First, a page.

Building Bridges: Math & Science, the Built Environment, and the Common Core
Instructors: Kenneth Jones & Tiffany Judkins
Participants will explore engineering design, scientific inquiry, and model-making skills by engaging in inquiry-based activities from two Salvadori After-School  programs: Skateparks and Bridges.  Group discussion will focus on alignment between these activities and grade-specific learning standards for math and science, as well as on the key elements of our project-based approach.  Sample lesson plans will be provided.
About the Instructors:
Kenn Jones started his career as a licensed architect working in New Jersey and New York City. His career as an educator paralleled his career in architecture where he taught undergraduate courses in studio art, design, and the history of art and design as well as graduate courses in non-profit management. Kenn has substantial experience with developing project-based curricula, interdisciplinary programs, and adult education/professional development. He has served as a U.S. Diplomat in the Middle East and as the Executive Director of Peters Valley Craft Education Center and the New York Foundation for Architecture; most recently he was the Curator of Education for the New Jersey State Museum. Kenn holds a M.Arch. degree from the University of Maryland and post- graduate studies in historic preservation and design as a Rotary Foundation Fellow at the University of Edinburgh in Scotland. Using strategic planning and creative problem solving to achieve organizational goals and objectives, Kenn ties together his experiences in education, executive management, and philanthropy ~ an approach he brings to the Salvadori Center.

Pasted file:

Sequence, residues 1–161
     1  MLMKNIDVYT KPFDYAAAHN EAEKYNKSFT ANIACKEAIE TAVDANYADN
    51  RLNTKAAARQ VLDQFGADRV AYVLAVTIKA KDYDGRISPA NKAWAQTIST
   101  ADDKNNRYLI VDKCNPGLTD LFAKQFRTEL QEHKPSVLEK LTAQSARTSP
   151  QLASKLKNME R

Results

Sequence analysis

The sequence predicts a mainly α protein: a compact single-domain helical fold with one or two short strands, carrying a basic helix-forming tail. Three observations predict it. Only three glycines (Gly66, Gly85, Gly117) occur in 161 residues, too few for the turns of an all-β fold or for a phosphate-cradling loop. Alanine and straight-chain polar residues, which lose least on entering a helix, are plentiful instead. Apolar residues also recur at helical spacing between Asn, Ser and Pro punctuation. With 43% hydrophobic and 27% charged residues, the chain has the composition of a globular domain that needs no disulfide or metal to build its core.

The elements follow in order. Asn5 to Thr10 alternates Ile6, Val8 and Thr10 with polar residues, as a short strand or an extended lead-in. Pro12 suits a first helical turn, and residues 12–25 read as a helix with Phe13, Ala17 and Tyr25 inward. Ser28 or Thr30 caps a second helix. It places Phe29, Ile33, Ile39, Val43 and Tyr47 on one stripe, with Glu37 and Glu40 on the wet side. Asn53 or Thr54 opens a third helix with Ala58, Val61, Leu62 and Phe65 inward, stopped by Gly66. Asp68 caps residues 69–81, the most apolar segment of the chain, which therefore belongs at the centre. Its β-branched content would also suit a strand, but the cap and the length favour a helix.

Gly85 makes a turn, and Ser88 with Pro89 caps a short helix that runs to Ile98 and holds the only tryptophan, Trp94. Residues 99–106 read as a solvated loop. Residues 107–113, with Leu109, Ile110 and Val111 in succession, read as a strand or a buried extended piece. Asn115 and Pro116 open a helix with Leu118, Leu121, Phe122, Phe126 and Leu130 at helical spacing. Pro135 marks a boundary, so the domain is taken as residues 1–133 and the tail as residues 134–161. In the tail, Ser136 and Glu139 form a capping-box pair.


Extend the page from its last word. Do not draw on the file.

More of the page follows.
Tiffany Judkins, Education Director (Project Director), came to Salvadori from the New York City Department of Education (NYC DOE) where she served as a Master Teacher of Mathematics at Automotive High School. As a Master Teacher, Tiffany was hired to accelerate student achievement, create a model classroom, and increase teacher capacity. She facilitated city-wide professional development workshops for teachers and served on the School Leadership Team. During her time with the NYC DOE she also served as an Instructional Leader and algebra teacher at Washington Irving High School. Tiffany graduated from Schreiner University with a B.A. in Mathematics. She also holds a Masters in Educational Leadership from Columbia University’s Teachers College, as well as a Masters in Education Policy & Management from Harvard University’s Graduate School of Education.
Limit: 60
This session is presented by the Salvadori Center.

Organizer This event is co-sponsored by NYCDOE, METRO, NYSDOE, & P/NW BOCES


Mon, Jun. 2, 2014
8:30 a.m. - 1 p.m. US/Eastern

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New-York Historical Society
170 Central Park West
New York, NY 10024
DIRECTIONS Subway: B, C to 81st Street 1 to 79th Street Bus: M10 to 77th Street M79 to 81st Street and Central Park West Parking: There is a limited amount of street parking on 77th Street, 76th Street and Central Park West. Nearby parking garages can be found at: 203 ...


Subway: B, C to 81st Street
1 to 79th Street

M10 to 77th Street
M79 to 81st Street and Central Park West

There is a limited amount of street parking on 77th Street, 76th Street and Central Park West.

Nearby parking garages can be found at:

  • 203 W 77th Street, (212) 362-2308

  • 207 W 76th Street, (212) 496-8553

  • 201 W 75th Street, (212) 874-0581

All garages are between Broadway and Amsterdam Avenue.